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Visualize your data easily and efficiently with Data Studio 360
1L’art de la gestion de projet2Un projet à succès commence par une bonne gouvernance3Cascade, agilité, demandes de changement?

Visualize your data easily and efficiently with Data Studio 360

Analytics & Tracking

Google is making  headlines in the digital news,  among other things, with the launch of its Google Analytics 360 suite of tools, including its  new Data Studio 360 dashboarding tool .

The only free tool among the now mostly paying suite of Google products,  Data Studio is resolutely interactive and collaborative , both in terms of design and data consultation. Its free version limits each account to 5 reports, compared to 1,000 in its paid version. Currently available in Beta version only in the United States, it should be available soon in Canada.

As with the Google Analytics interface, the interface is very intuitive. The tool is divided into two main parts: selection of data and construction of dashboards.

Data selection is probably the most technical and least intuitive part of the tool, in the sense that a good knowledge of the data structure is necessary in order to use the tool to its fullest. Among the significant advances offered, we note among others the  possibility of creating custom dimensions and metrics with formulas .

For now, only Google data sources (Adwords, Google Analytics, YouTube, Big Query, Attribution 360 and Google Sheets) are natively integrated, but the integration possibilities are immense. However, the current limitations can also be compensated by  exporting to Google Sheet .

The creation of dashboards is intended to be very intuitive, Google having undoubtedly wanted to keep the playful aspect of its tools. The interface is divided into three sections: the center section allows you to preview the dashboards, the top section allows you to create the elements, while the side panel allows you to select and configure the data of each module, as well as to style them . A good example is one of the articles by Felipe Hoffa (developer advocate at Google),  who in a few clicks links his databases and builds his dashboard . The collaborative aspect is also very developed,  several users can collaborate in real time on the construction of the same dashboard and leave comments  like the Google office suite.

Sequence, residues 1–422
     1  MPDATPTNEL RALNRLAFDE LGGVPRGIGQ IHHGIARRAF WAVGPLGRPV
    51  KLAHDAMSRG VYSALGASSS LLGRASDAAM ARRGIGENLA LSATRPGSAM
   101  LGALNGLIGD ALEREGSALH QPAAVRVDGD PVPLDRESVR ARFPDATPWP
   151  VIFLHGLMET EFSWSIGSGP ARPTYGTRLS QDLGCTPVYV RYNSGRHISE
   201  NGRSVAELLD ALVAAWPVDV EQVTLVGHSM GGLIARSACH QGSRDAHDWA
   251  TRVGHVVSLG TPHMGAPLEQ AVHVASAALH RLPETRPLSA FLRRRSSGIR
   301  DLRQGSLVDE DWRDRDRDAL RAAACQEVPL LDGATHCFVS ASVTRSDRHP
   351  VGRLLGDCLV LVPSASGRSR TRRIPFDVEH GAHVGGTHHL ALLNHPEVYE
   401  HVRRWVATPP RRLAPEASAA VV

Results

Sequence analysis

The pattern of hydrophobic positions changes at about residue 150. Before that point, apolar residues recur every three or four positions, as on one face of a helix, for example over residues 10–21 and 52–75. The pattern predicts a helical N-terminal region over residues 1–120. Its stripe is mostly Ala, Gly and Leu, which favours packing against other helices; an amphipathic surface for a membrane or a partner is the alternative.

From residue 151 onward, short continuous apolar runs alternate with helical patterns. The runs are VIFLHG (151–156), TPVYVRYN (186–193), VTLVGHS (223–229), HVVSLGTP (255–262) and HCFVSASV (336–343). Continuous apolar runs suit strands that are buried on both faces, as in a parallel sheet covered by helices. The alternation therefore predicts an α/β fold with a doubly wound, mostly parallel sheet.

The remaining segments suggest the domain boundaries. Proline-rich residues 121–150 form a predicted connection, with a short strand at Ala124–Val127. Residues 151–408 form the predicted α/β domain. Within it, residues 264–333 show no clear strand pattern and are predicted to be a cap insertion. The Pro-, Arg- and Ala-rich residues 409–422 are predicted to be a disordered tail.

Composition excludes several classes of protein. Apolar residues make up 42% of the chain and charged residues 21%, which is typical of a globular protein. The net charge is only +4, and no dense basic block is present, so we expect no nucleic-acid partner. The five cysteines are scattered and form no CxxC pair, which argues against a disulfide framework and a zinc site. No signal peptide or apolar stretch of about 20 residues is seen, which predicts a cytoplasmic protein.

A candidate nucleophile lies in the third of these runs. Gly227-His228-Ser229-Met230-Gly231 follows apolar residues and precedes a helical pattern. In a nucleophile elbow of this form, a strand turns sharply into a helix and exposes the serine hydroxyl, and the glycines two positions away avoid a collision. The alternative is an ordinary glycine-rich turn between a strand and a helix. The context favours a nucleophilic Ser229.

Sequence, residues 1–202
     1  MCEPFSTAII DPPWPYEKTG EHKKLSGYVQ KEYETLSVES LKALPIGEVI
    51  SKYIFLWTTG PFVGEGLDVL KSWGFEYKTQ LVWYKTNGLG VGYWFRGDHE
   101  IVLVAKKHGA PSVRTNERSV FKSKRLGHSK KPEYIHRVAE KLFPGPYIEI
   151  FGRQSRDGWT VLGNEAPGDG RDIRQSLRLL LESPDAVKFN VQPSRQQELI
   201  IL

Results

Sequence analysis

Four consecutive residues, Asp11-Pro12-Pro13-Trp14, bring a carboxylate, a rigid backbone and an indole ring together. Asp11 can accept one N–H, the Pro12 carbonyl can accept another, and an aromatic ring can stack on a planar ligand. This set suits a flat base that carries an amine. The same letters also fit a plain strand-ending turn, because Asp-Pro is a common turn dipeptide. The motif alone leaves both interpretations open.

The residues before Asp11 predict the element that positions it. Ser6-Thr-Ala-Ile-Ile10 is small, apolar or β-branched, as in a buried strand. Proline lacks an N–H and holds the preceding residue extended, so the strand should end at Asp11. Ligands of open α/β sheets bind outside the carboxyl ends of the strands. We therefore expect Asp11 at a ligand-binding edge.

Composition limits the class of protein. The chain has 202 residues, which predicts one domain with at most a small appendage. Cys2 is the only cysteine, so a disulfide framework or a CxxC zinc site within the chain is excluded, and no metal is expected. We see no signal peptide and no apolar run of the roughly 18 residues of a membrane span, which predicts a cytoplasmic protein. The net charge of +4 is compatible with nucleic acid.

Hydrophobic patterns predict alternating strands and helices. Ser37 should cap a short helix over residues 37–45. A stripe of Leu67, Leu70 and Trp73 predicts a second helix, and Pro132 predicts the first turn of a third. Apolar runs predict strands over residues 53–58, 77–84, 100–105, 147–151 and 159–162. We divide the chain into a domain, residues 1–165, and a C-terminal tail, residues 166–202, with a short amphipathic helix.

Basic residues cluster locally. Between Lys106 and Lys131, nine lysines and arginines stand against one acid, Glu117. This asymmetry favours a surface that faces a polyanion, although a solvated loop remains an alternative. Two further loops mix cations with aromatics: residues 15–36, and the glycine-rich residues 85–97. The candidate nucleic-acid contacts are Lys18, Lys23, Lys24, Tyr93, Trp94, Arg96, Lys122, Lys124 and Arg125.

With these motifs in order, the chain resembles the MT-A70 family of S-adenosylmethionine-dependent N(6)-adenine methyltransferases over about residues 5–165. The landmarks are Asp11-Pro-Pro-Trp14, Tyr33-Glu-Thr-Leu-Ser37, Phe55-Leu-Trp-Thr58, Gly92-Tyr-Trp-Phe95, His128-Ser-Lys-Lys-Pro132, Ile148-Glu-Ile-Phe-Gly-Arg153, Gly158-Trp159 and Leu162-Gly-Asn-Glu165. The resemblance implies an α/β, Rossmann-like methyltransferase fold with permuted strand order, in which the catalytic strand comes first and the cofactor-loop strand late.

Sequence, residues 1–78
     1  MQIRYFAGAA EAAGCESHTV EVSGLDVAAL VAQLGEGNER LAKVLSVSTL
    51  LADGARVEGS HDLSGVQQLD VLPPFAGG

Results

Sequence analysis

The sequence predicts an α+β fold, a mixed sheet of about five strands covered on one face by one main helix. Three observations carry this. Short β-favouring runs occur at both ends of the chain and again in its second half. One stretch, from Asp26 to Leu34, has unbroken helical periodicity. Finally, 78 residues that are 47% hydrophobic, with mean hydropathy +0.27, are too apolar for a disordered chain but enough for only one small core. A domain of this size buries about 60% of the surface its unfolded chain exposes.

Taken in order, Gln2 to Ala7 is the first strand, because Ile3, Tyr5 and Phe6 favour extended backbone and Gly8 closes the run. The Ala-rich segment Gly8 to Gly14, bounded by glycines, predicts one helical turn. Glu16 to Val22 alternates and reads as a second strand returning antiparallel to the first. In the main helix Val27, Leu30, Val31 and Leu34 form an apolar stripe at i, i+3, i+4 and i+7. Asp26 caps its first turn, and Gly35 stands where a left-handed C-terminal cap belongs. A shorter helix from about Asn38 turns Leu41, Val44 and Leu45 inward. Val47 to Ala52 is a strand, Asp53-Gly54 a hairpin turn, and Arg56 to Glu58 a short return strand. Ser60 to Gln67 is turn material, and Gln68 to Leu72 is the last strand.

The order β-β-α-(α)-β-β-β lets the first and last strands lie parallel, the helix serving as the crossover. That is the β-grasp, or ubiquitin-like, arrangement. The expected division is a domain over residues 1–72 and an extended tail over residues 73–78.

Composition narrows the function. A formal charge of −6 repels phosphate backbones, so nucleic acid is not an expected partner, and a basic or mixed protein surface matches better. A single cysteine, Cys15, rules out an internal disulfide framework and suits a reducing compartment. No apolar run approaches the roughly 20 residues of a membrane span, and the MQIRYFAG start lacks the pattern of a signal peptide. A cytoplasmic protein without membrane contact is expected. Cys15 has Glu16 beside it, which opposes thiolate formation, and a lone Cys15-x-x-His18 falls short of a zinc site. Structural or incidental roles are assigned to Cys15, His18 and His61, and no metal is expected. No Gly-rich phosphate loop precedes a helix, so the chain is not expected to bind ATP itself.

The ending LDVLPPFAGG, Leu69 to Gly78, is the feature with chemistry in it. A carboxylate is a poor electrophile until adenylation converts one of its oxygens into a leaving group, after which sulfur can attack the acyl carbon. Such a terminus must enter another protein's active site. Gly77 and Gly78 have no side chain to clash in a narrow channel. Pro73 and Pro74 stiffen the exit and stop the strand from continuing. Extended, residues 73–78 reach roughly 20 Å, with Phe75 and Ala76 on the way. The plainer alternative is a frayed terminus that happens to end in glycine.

Finally, the consultation of the data leaves a lot of room for the actions of the users, who can choose the dates of analysis or sort the columns as they wish. It should also be noted that static exports (for example in pdf format) are impossible, Google's desire being more to create template-type reports that can be updated ad infinitum rather than static reports, in order to  further minimize the time of reporting to maximize the analysis and thus the overall added value of the reports .

This tool is very promising, as it adds even more flexibility to creating custom tables. Leaving a lot of room for our creativity, we will soon be able to  focus even more on the why of dashboards than on the how . As mentioned by the evangelist Avinash Kaushik in his legendary 10-year-old article,  an excellent analytical tool cannot fulfill its mission alone, it must be coupled with significant human capital . I also invite you to read Anne-Sophie Guillou's excellent article from last month which  highlighted the importance of defining objectives, strategies and tactics in web projects., a foundation too often overlooked in the data analysis process.